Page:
‘Appropriate Means’ ~ Enhancement of Discoverability in Ontario Limitations Law

Limitations Act, 2002, came into force, do parties and their lawyers avail themselves of the phrase “appropriate means” in s. 5, to toll the operation limitation periods?  The time has come for all lawyers, junior and senior, to be aware of these words as an enhancement of the discoverability principle. Lawyers called to the Bar of Ontario prior to 2004 were happy, in some respects, to be rid of the arcane language of the old Limitations Act, R.S.O. 1990, c. L.15.  For over a decade, the battlegrounds were staged in the judicial interpretations of “accrued” causes of action, “discoverability” principles, and…

Rule 30.1 ~ The Quicksand between Rules 30 and 31

Recently, my opposing counsel in a product liability matter cited the “Deemed Undertaking Rule” as grounds for the manufacturer not to comply with a discovery undertaking to produce information from prior incidents linked to the same device. (la version française suit) If my opponent were right, she would have landed in a patch of professional responsibility quicksand.  Under subrule 4.01(7) of the Law Society of Upper Canada’s Rules of Professional Conduct, she was obliged to fulfil the undertaking, clearly recorded in the discovery transcript.  If my friend gave an undertaking which she could not fulfil, she had already breached rule…

No ‘unbundling’ of negligence

The hitherto unrepresented litigant has made an appointment to see you. (la version française suit) Under his arm, he clutches a big stack of papers, out of which he hands you a motion record for summary judgment delivered at his post office box.  The hearing is scheduled for the day after tomorrow, and he presents you with a cheque for $5,000.  You will obtain an adjournment of the motion and eventually you will employ your skills as a lawyer and persuade the court there are reasons why the matter needs to proceed to trial.  When you have achieved this victory…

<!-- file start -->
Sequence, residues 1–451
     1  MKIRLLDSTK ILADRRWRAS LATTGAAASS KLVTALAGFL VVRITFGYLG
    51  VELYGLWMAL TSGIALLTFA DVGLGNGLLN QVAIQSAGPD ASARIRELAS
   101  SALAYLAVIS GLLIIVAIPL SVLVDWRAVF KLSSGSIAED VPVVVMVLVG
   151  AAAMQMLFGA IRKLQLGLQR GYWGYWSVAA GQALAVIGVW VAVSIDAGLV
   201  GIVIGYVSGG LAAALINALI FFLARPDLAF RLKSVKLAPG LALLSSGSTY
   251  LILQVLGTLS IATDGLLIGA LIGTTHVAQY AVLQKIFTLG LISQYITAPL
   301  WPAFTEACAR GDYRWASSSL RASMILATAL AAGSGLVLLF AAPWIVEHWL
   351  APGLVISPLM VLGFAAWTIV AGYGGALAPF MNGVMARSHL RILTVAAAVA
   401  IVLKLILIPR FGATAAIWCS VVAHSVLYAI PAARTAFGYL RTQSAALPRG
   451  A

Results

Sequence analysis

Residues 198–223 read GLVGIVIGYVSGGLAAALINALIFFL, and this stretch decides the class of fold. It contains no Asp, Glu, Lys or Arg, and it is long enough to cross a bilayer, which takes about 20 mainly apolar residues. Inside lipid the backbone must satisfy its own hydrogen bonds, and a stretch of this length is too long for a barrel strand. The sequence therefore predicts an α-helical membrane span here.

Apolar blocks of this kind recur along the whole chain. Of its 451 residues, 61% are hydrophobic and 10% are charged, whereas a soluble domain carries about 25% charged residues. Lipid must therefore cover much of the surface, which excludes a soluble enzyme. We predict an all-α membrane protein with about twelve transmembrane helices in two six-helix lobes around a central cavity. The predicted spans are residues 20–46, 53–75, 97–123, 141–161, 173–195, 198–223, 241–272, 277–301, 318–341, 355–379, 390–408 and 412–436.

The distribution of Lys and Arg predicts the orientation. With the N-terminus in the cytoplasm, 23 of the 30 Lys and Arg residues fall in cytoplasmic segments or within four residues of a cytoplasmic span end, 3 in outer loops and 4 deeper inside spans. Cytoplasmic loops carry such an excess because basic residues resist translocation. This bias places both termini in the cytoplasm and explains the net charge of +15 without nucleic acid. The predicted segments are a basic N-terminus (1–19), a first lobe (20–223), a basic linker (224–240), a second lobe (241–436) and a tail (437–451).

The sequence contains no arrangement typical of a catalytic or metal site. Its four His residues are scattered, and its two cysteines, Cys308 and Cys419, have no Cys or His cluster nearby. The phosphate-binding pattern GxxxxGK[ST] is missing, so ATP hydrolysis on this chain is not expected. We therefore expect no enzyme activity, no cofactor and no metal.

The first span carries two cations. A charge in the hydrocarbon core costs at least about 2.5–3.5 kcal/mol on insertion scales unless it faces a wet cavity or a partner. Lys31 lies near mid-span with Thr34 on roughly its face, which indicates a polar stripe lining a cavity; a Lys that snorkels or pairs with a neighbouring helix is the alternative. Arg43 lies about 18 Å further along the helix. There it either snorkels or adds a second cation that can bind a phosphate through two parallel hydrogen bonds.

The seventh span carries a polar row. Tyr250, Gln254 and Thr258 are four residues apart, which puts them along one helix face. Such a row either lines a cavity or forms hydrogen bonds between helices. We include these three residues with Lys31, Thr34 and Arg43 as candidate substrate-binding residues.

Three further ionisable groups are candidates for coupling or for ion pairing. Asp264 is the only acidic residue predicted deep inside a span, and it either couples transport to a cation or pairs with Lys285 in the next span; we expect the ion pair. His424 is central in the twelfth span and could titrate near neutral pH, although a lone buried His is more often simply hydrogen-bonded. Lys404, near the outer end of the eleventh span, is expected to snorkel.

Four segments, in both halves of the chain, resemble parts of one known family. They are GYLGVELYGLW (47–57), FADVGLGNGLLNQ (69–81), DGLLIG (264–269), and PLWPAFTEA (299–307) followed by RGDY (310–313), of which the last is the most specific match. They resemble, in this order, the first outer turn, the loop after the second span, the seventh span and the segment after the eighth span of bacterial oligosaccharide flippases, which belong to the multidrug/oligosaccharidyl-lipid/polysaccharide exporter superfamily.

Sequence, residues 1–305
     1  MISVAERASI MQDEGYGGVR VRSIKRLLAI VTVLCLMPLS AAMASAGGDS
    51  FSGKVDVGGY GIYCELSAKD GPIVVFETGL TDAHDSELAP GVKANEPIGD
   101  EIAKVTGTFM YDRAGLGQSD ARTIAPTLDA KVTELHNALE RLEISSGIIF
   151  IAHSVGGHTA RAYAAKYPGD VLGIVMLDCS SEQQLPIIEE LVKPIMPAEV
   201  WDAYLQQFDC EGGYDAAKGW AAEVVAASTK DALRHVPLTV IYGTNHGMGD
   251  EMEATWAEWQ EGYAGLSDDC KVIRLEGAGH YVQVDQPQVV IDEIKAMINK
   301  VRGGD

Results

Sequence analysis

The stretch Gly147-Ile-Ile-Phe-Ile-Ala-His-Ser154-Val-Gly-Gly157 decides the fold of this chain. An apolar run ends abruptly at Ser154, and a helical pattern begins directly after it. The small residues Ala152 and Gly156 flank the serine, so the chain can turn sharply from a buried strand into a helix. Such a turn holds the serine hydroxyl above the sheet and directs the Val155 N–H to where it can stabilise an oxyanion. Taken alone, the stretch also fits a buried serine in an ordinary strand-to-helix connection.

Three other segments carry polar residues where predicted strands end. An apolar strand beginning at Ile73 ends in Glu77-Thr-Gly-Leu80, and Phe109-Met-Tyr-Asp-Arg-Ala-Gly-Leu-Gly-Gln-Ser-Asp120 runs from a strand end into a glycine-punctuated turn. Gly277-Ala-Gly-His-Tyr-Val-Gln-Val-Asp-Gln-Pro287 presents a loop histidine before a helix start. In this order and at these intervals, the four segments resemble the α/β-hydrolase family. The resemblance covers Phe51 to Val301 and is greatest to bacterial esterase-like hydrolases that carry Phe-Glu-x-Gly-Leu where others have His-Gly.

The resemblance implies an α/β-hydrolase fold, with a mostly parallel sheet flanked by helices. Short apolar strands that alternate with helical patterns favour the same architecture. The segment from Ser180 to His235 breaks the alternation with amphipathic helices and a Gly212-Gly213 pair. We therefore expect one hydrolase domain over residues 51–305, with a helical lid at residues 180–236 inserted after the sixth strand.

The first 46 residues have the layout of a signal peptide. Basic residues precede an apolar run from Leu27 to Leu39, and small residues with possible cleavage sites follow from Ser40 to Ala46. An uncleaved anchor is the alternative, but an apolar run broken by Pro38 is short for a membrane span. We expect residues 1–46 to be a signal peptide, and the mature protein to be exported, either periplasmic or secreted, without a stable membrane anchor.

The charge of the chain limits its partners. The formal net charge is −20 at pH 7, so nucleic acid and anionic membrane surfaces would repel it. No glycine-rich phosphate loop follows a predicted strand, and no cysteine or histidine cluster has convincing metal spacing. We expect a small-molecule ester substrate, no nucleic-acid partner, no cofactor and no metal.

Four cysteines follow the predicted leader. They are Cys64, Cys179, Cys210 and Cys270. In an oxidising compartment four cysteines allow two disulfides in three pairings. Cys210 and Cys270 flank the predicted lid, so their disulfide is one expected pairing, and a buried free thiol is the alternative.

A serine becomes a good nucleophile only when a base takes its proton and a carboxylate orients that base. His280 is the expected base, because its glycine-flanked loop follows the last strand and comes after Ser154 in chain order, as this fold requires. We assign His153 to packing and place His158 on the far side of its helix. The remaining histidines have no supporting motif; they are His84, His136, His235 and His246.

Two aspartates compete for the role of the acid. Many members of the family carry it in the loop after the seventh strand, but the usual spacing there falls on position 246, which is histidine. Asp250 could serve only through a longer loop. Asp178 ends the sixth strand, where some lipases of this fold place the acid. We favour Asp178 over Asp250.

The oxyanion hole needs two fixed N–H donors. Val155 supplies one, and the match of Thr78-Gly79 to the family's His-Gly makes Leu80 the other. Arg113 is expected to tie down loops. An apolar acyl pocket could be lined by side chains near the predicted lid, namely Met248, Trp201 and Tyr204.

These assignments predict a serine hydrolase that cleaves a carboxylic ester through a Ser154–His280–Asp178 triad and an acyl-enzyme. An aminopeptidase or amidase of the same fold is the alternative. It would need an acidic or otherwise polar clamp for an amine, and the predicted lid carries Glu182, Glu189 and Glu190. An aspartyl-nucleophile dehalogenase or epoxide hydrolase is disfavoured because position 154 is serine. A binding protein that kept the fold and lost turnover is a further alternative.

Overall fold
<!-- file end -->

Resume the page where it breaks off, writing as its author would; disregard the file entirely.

Should I get Excess Liability Insurance?

Excess insurance is relatively inexpensive, and well worth the peace of mind.  Lawyers tend to be born insomniacs – you don’t need anything else keeping you up at night! LawPro’s standard (mandatory) policy provides coverage with insurance limits of $1 million per claim and $2 million in the aggregate.  This means there is $1 million in coverage for each claim, but no matter how many claims there are against you, the maximum payable for claims made during any policy year is $2 million.

Litigation guardians: the limitations minefield

Any time you act for a minor or a mentally incapable person in litigation, or in other legal matters, you will be appointing a litigation guardian.  Next comes the tricky part, from a limitations perspective. Acting for litigation guardians is fraught with peril.  Suddenly, the incapacitated personal injury victim or minor, usually incapable of appreciating their legal rights, may have limitation period commencing against them.  To start your appreciation of this issue, read my 2007 series of articles : civmar07web, civjun07web Terms of use / Mentions légales